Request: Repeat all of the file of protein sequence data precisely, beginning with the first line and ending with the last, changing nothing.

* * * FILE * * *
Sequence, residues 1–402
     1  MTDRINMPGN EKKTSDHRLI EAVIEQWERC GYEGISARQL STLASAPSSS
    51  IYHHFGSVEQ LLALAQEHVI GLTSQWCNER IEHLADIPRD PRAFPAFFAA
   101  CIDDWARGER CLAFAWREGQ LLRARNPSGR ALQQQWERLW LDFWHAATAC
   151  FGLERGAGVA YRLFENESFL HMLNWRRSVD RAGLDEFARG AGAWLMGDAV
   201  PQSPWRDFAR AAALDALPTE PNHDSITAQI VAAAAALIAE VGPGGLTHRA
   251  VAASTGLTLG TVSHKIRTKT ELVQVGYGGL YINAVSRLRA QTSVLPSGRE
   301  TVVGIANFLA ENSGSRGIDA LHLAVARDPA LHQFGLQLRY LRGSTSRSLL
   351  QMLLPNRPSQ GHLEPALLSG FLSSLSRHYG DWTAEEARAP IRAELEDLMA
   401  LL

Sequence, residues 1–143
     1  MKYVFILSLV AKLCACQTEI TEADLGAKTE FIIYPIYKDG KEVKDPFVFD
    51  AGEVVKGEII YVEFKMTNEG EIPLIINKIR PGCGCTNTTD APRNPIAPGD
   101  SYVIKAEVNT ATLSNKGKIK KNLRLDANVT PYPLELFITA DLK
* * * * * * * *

Sequence, residues 1–402
     1  MTDRINMPGN EKKTSDHRLI EAVIEQWERC GYEGISARQL STLASAPSSS
    51  IYHHFGSVEQ LLALAQEHVI GLTSQWCNER IEHLADIPRD PRAFPAFFAA
   101  CIDDWARGER CLAFAWREGQ LLRARNPSGR ALQQQWERLW LDFWHAATAC
   151  FGLERGAGVA YRLFENESFL HMLNWRRSVD RAGLDEFARG AGAWLMGDAV
   201  PQSPWRDFAR AAALDALPTE PNHDSITAQI VAAAAALIAE VGPGGLTHRA
   251  VAASTGLTLG TVSHKIRTKT ELVQVGYGGL YINAVSRLRA QTSVLPSGRE
   301  TVVGIANFLA ENSGSRGIDA LHLAVARDPA LHQFGLQLRY LRGSTSRSLL
   351  QMLLPNRPSQ GHLEPALLSG FLSSLSRHYG DWTAEEARAP IRAELEDLMA
   401  LL

Sequence, residues 1–143
     1  MKYVFILSLV AKLCACQTEI TEADLGAKTE FIIYPIYKDG KEVKDPFVFD
    51  AGEVVKGEII YVEFKMTNEG EIPLIINKIR PGCGCTNTTD APRNPIAPGD
   101  SYVIKAEVNT ATLSNKGKIK KNLRLDANVT PYPLELFITA DLK